Once they got the O-section cleared, teams made their way back to the T/A to get their bikes. Everybody seemed to be having a good time, and my nerves were finally starting to settle down. Most people were glad to see the food/gatorade station too, and a few of them paused here to refuel and chill for a bit. Robby and I were already hard at work making sure the beer we were providing at the finish line was fresh and tasty.
If you look at that photo, you’ll notice Emma using a stick as a crutch. She twisted her ankle early in the day while volunteering at the race. You’ll also notice that Kate’s about to head-butt me in the ass… I’m not sure what that’s all about.
I guess it was all the stress and caffeine that forced me to take a break from non-race directing so I could handle other, more important business…
Apparently I wasn’t hidden in the woods as well as I thought. As you can see from the photo below, this was clearly a disturbing sight. Even young Ethan seems mortified…
After leaving the TA, non-racers rode a short connector trail leading them southward to the next o-section. There was a large tree fallen across the trail, so Robby and I took turns beating the shit out of it until it finally broke into small enough pieces to clear from the trail. We got it finished just in time, and took the opportunity to get a few quality photos.
I like how you can see the chunks of wood in the background of that photo. We worked our asses off getting that thing off the trail!!
Here’s another good shot of Super Kate, who had run 21 miles the previous day:
It was obvious by now that the race was going to take a lot longer than we had planned. We had hoped everyone would be finishing in a 6-8 hour time frame, but that wasn’t going to happen. Most everyone had to skip over the 2nd orienteering section in order to finish before dark. This was especially disappointing since so much work had gone into laying out this section of the race. There was a lot of scenic real-estate people didn’t get to see, and that kinda sucked. I REALLY wish you guys could’ve done that section. I guess the good news is that we can use those same checkpoints for a later non-race.
I received word that our good friend Travis Hammons had suffered a catastrophic bicycle malfunction involving his front derailleur. The poor guy rode several miles of gravel in his granny-gear before I tracked him down and drove him to the finish. I can only hope he enjoyed the parts of the race he got to experience.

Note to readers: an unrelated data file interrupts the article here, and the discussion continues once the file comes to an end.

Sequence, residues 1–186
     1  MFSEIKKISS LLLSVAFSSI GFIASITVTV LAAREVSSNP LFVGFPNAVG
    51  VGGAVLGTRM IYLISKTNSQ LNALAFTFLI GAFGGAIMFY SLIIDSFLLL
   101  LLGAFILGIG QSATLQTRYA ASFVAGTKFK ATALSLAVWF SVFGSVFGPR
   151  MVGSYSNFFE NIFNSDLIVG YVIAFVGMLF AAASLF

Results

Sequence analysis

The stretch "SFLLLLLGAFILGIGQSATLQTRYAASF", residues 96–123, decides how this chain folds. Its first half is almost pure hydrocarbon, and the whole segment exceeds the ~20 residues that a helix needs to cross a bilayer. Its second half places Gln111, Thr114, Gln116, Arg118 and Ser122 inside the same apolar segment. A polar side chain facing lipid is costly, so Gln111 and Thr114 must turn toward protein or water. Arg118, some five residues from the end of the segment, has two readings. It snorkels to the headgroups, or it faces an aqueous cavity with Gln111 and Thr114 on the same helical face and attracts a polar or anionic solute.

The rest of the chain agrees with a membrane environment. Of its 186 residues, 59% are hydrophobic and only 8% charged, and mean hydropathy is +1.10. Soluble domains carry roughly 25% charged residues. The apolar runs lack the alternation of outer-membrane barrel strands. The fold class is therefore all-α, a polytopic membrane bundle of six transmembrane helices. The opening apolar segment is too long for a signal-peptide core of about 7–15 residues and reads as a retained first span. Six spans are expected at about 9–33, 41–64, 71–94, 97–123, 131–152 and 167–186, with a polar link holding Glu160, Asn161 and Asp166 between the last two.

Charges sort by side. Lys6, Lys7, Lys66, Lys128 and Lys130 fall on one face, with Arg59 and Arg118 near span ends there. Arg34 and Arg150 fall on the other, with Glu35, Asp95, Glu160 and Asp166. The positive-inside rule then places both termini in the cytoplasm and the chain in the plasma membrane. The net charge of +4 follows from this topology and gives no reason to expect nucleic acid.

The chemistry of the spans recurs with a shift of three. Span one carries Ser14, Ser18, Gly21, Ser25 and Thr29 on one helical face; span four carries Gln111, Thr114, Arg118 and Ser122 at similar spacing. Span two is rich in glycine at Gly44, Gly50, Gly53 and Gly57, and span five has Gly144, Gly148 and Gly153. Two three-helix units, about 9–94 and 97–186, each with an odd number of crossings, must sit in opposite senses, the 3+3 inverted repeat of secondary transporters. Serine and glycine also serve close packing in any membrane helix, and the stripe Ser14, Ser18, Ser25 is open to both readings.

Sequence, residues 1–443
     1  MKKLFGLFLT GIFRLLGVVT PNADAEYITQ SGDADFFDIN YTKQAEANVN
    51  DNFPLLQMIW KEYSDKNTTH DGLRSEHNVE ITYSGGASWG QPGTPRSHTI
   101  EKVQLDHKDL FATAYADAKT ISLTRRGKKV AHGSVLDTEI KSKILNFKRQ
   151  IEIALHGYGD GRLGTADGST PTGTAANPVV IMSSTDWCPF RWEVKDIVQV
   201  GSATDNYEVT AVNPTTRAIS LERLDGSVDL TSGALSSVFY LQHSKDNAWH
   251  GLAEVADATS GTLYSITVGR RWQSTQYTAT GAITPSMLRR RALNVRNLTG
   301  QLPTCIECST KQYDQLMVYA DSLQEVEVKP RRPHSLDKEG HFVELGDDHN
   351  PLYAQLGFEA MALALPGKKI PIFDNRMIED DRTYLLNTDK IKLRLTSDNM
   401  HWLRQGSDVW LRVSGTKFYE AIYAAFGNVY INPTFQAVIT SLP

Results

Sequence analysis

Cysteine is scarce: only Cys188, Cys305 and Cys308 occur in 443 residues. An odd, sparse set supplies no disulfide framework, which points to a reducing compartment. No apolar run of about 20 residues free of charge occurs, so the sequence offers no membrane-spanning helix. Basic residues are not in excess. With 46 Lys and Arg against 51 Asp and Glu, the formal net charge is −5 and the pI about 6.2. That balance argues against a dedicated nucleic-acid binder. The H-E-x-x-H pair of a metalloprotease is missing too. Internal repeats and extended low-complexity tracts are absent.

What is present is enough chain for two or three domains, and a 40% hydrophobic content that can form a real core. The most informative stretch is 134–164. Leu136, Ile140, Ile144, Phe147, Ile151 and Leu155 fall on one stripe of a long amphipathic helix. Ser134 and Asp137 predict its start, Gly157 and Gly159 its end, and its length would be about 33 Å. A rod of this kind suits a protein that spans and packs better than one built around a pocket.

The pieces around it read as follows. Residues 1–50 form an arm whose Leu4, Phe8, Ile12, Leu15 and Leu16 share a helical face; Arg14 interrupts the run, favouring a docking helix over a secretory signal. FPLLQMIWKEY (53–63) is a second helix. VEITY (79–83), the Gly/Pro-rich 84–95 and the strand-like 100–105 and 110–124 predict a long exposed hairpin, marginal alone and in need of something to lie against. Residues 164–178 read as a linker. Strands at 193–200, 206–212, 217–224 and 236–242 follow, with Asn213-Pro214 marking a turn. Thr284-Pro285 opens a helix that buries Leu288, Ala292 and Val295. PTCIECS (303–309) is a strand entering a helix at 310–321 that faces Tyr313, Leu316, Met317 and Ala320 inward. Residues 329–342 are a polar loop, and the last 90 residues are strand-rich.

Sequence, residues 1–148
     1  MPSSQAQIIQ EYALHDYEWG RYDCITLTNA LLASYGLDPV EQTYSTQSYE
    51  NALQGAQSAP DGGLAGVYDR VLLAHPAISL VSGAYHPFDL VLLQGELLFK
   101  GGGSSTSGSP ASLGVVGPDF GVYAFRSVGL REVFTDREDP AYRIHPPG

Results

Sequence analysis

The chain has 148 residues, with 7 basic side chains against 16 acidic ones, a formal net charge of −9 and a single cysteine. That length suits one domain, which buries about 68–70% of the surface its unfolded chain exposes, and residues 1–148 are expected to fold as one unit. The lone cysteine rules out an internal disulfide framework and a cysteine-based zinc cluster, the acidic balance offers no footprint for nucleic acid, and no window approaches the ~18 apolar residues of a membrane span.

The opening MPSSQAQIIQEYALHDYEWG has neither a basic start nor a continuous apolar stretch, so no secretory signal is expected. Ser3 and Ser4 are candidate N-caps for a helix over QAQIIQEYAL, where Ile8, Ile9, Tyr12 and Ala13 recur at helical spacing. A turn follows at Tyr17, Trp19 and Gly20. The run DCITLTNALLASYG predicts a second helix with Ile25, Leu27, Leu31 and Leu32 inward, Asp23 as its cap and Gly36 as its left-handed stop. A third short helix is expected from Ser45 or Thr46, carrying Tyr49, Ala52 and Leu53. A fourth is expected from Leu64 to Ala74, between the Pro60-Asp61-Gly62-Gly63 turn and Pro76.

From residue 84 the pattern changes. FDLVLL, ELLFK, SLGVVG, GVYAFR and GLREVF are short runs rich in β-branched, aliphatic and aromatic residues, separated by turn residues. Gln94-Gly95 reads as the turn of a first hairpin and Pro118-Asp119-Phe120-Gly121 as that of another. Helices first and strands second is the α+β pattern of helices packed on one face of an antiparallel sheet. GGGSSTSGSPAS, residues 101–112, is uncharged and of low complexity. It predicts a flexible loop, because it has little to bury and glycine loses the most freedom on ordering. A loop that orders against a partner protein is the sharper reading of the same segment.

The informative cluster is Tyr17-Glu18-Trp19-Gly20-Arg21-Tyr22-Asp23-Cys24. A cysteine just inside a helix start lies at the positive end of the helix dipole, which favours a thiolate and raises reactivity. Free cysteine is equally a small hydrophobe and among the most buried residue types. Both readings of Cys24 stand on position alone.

Team Snail Trail ran into some issues of their own. Navigational blunders and repeated flat tires crushed their hopes of Deuce victory, and they too had to take a DNF. The good news is that Team Virtus never leaves a man behind, so we sent out a car to pick them up and return them to race HQ. At least the Fail Trail would be ridden from the comfort of a heated vehicle. On the ride home, there was a bit of discussion as to the accuracy of our maps and where the CP’s were plotted. I assured Corey & Phil that each checkpoint had been triple-checked with a GPS to ensure accuracy and that the additional trail maps we provided before the race would have been very helpful. It got really quiet in the car, but the smell was one I won’t soon forget.
When I dropped the guys off, we discovered that someone had stolen a cyclocross bike right off the back of Corey’s truck earlier in the day. Right away, those of us at HQ set out to find it. Our efforts were fruitless and it was a blight on an otherwise great day. I really hated to have this happen. We put a lot of work into making this a fun event and it’s a shame that some asshole tried to take a shit on the Deuce. If you’re the thief and you’re reading this report, fuck you.
Meanwhile, the last 3 non-racers were still out on the course battling it out for first place. After leaving the 2nd mystery event, they followed a piece of singletrack to a gravel road. The road goes sharply downhill to a bridge, where the next CP was tucked away.
We had to put the marker somewhere less visible, so it wouldn’t be stolen or tampered with. We dropped it about 10 feet below the bridge on a piece of string. After they got this checkpoint, racers had to turn around and go right back up the giant hill we sent them down. We did it just to be assholes:)
From there, there was a series of moderately challenging gravel climbs until a casual 8-mile gravel ride to the finish. I believe Derrick was the first non-racer to cross the brown smudge and claim the title of “Deucemaster”. This isn’t the best finish-line photo we’ve ever seen, but it’s clear that Mr. Boos is ready to load up his gear and grab a cold beer.
It couldn’t have been longer than a minute before Luke and Kate came rolling through the finish. Now here’s a woman who knows how to have a photo taken: